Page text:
Certainly, the Supreme Court has been deciding constitutional issues, of diverse and varied natures, by going outside the four corners of that «legal document,» as my learned colleague refers to the Constitution, since day one, without such a major and unrelenting fuss being made about strict constructionism or the lack thereof, as we now have. Thus, I contend, it is the abortion issue that has energized the forces, not the question of the appropriate interpretative methodology. In their attempt to overturn Roe and win a reversal of the specific issue of abortion rights, the opponents of Roe blithely ignore what the Supreme Court has been doing since its inception. The associational rights of people is not mentioned in the Constitution or the Bill of Rights; the right to educate a child in a school of the parents’ choice is also not mentioned; nor is the right to study any particular subject or any foreign language; or the right to keep the state out of the marriage bed in dictating contraceptive practices. Yet the First Amendment has been construed to include all of these rights. And this list of «unspecified» yet well-established constitutional rights is not exhaustive.

The argument that Roe v. Wade should be overturned on the ground that it is contrary to the «originalist» or «strict constructionist» methodology of constitutional interpretation, if it prevails, will not just bring about the reversal of a case (the particular merits of which one can argue one way or the other without bringing down the house). I am more concerned with the aftermath of a reversal of Roe v. Wade, if it establishes «originalism» or «strict constructionism» as the law of the land by which all constitutional issues will be measured. Will the originalists then promote the reversal of those rights recognized under the First Amendment, but not specified, such as those mentioned above? There is not much question in my mind that if this self-imposed constitutional straight jacket is accepted by a majority of the court, it will result in a era of constitutional interpretation with totally unworkable standards. For attempting to fathom what was in the minds of the Framers in the 18th century while situated in the 21th century is no more than just an elusive illusion.

Such a wild goose chase, pardon the hunting pun, can never have been intended by the Framers. There should be no worries about a «living» constitution with such a suffocating standard of constitutional interpretation. It is my opinion, not only that the strict constructionist proposal goes against the Framers’ original intention, as is demonstrated by the open-ended language of many of the key provisions of the Constitution and several of its amendments (which I shall discuss presently), but additionally, the history of constitutional decision-making in the United States clearly shows that it is an extreme doctrine which has never been practiced by the Supreme Court in the manner proposed, notwithstanding the lip service that it receives when conveniently needed.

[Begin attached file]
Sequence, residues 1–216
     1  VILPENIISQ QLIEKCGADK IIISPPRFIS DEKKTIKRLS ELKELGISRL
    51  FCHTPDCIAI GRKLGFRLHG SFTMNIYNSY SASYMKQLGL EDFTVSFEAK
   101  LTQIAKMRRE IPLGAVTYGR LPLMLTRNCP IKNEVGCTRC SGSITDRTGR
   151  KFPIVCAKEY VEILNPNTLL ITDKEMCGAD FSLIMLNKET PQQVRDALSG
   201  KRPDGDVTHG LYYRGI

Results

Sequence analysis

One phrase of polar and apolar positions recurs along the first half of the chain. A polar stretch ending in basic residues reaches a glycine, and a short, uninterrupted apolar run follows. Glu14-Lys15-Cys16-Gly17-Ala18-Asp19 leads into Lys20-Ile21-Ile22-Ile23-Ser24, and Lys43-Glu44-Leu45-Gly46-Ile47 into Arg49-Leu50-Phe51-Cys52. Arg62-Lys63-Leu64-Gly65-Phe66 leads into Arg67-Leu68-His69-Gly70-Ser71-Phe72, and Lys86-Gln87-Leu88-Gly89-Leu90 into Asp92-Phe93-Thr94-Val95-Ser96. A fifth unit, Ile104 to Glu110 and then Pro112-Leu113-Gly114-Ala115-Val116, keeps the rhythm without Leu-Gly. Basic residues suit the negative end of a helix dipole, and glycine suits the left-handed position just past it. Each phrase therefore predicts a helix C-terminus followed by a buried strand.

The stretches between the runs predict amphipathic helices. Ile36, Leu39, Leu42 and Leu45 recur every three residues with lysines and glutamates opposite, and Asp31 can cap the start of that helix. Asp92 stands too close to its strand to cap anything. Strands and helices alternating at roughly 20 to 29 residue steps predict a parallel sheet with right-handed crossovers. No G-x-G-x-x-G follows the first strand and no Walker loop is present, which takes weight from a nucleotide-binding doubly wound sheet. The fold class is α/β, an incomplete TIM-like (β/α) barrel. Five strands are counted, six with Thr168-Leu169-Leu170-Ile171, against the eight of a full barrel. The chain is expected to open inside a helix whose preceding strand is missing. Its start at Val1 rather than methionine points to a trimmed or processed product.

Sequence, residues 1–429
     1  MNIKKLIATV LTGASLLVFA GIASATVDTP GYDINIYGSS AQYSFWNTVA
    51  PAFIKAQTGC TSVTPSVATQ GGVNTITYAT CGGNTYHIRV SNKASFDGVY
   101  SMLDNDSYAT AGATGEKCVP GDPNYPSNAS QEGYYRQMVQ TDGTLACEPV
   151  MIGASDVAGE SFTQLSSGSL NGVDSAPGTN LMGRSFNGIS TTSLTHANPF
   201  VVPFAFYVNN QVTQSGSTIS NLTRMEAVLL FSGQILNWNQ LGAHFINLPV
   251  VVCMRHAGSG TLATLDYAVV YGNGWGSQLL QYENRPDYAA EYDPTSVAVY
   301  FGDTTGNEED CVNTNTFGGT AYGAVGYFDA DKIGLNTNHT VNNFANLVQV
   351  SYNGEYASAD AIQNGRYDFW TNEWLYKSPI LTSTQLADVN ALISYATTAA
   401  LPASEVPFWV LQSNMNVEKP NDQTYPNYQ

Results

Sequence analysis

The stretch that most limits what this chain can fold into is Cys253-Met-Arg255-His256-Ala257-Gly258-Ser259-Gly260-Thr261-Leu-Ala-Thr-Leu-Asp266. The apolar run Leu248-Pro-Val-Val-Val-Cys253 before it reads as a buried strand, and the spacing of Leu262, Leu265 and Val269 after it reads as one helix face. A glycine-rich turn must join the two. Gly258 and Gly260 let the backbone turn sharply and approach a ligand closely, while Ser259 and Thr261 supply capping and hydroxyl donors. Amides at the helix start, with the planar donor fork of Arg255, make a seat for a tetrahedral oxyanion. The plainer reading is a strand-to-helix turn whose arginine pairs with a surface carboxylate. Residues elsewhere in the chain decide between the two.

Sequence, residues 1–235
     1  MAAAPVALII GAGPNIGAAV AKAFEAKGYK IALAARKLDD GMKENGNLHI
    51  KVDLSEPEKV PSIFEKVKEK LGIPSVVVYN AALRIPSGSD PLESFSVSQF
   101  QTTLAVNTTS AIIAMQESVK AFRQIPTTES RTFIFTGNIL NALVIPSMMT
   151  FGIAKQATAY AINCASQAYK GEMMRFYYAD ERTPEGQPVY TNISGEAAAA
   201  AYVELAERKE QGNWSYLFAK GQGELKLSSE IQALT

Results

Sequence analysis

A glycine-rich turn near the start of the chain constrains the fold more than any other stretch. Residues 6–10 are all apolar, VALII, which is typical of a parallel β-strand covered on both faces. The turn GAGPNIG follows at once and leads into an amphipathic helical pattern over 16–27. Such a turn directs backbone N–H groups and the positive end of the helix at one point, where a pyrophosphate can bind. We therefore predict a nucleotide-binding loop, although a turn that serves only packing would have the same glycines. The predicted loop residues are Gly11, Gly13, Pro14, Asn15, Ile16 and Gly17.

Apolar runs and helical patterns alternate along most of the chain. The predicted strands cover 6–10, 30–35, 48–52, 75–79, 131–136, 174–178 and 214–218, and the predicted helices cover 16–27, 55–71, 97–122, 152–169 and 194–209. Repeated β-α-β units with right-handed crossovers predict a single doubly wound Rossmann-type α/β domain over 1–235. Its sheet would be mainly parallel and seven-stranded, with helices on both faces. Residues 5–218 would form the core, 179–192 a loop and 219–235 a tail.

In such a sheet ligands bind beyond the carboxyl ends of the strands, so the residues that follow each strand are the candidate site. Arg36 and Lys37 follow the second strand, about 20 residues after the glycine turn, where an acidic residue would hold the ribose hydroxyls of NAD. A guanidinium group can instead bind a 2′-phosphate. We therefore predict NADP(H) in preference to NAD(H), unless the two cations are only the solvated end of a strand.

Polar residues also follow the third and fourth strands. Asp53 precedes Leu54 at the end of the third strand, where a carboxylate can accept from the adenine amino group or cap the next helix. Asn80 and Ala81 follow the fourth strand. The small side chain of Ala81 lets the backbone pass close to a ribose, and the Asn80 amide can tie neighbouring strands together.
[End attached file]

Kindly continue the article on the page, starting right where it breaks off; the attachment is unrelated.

Two amendments, the Ninth and the Tenth come to mind when open-ended language is considered. The Ninth Amendment states that «[t]he enumeration in the Constitution, of certain rights, shall not be construed to deny or disparage others retained by the people.» The Tenth states that «the powers not delegated to the United States by the Constitution, nor prohibited by it to the states, are reserved to the states respectively, or to the people.» Thus, there are rights that are not specified in the Constitution, or the Bill of Rights, which exist and must be declared by someone. This open-ended language would appear to counter the arguments made to the effect that the courts and not the Framers have been creating rights that are not sanctioned by the Constitution. When all other arguments fail, the best tactic is to pick and choose whatever parts suit your position, and interestingly enough, that is exactly what the originalists, led by Justice Black (see his dissent in Griswold v. Connecticut, 381 U.S. 479, 511 (1965)) have done with the Constitution. So much for strict constructionism.